Representations of Asia in William Wyler’s “The Letter”
Asian culture and environment have always attracted film directors, offering an opportunity to explore oriental traditions. The movie The Letter, directed by William Wyler and debuted in 1940, is a perfect example of a motion picture that represents the aspects of Malaya culture. Based on a real-life story that originally took place in Kuala Lumpur, the storyline follows Leslie Crosbie, who is involved in dramatic events occurring in British Malaya (Wyler, 1940). As the plot develops, the audience learns more information about the Asian culture, its traditions, and the residents’ way of life, which are depicted in numerous scenes throughout the film (Miller, 2013). As such, the sequence at the very beginning of the movie and the scene in the home of Hammond’s widow excellently represent Wyler’s understanding of Asian culture and environment.
The starting scene of The Letter portrays the environment in which the drama will be taking place, allowing the viewers to get acquainted with the local atmosphere. The surroundings of a small Malayan rubber plantation are the first elements of the scenery presented to the audience, and their visual depiction plays a significant role in understanding Wyler’s portrayal of Asian culture (McGuire, 2012). As such, although the movie is black-and-white, the setting is clearly lush with greenery and palm trees. The plantation bungalow that appears in the scene and the barracks of the Malayan workers seem to reside in a tropical landscape which is an aspect of Malayan geography.
However, the sequence also depicts Malayan laborers, who are stationed in overcrowded, cage-like barracks comprised of light wood. The workers are clearly disadvantaged, having to live in small enclosed spaces with numerous other laborers, lacking any comfort (Miller, 2013). This aspect of Malayan life might hint at the fact that Malayan people were forced to work at the plantations, trying to survive under harsh conditions (McGuire, 2012). In this regard, not only do the workers have a low financial standing, but they are also presented as individuals of a lower social class, dependent on the British (McGuire, 2012). Although some Malayan representatives occupied more beneficial positions, which allowed them to work with the British representatives, the majority of the Malayan population remained employed at the plantations.
Another sequence that illustrates the characteristics of the Malayan culture occurs in the middle of the film. In this scene, Leslie arrives at the home of Hammond’s wife, a Eurasian woman who possesses the letter that Leslie must retrieve. As the protagonist and her companions enter the bungalow, the viewers are presented with the imagery of a Malayan home (Wyler, 1940). Although Hammond was British, his widow appears to be of Asian origin, and her cultural roots become evident when the audience observes the house décor (Miller, 2013). After entering the lodging, the characters see a middle-aged Asian man smoking a long pipe; his behavior and clothing are highly distinct from those of the British individuals and create a significant contrast (Wyler, 1940). Even though the man is said to know English well, he speaks in short phrases, with the words poorly connected and mostly consisting of verbs and nouns. This aspect demonstrates that the majority of Malayans were thought to barely know English, and those who did were still not fluent.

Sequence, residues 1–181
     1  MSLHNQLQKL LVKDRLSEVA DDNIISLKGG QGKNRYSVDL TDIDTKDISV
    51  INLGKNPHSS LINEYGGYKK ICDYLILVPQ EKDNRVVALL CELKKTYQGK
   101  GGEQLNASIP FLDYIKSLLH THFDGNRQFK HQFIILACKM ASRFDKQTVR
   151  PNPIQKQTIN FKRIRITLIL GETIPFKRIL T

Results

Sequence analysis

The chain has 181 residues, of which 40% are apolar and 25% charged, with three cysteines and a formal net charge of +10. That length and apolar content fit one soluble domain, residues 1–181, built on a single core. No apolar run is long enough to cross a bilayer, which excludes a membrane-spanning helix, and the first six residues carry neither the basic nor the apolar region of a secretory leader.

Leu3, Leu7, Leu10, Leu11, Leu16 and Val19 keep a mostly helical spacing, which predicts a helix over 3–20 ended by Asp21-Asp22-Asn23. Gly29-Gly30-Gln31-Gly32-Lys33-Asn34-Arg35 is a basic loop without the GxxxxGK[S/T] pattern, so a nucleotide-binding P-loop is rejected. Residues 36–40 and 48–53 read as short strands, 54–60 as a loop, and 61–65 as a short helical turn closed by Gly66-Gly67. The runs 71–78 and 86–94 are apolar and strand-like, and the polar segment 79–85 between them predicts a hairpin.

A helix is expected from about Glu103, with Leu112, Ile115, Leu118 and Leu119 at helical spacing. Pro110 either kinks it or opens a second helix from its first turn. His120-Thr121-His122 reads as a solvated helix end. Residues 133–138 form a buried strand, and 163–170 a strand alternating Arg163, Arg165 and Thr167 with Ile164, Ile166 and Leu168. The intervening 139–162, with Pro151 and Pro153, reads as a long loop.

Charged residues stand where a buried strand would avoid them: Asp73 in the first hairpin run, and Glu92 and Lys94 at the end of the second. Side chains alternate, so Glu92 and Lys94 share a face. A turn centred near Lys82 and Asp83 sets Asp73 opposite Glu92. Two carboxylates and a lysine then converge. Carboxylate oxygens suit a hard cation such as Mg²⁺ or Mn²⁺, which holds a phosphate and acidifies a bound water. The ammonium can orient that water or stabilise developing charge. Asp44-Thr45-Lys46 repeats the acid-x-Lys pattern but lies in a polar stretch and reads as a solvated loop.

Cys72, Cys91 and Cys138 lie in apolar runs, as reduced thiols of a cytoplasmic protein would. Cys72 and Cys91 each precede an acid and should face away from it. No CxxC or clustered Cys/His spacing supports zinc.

As the characters go further into the home, the viewers can observe the inner décor of the living quarters. Multiple windchimes hang from the ceiling, and the walls are decorated with Malayan art. The overall atmosphere hints at the idea that more well-endowed Malayan residents lived in a traditional manner, maintaining the connection to their cultural values. This aspect becomes highly evident when Hammond’s widow enters the room through a curtain made of rows of beads. The woman is dressed in a black dress illustrated with traditional patterns, her hair made into an Asian-style bun (Wyler, 1940). Furthermore, the widow is wearing multiple pendants, bracelets, and rings, which also manifest her connection to the Malayan culture and traditional lifestyle. Considering that the protagonist is wearing bright white clothing which covers her body and her head, the contrast between the widow and Leslie becomes even more apparent (McGuire, 2012). Through this distinction, the audience can observe the juxtaposition between Leslie, who represents the British residents, and Hammond’s widow, who is a part of the Malayan population.
To conclude, the two scenes from The Letter described in this paper perfectly portray how Wyler viewed the Malayan environment and population, offering the viewers the possibility to get acquainted with the movie’s surroundings. It is evident that the Malayan representatives are mostly shown as plantation workers who live in poor conditions and are significantly disadvantaged in comparison with the British. The limited use of English, lack of comfort, and the connection to traditional ways of living are the core characteristics of the Malayan environment. Additionally, the scenery of the film is also congruent with the idea of tropical Asia, a location covered by greenery and palm trees. Overall, these elements allow the audience to capture the atmosphere of Malaya, which surrounds the events of the film.
McGuire, J. T. (2012). Rending the veils of illusion: W. Somerset Maugham’s “The Letter” and its two definitive film interpretations. Framework: The Journal of Cinema and Media, 53(1), 7-21.
Miller, G. (2013). William Wyler: The life and films of Hollywood’s most celebrated director. University Press of Kentucky.
Wyler, W. (1940). The Letter. [Film]. Warner Brothers Entertainment.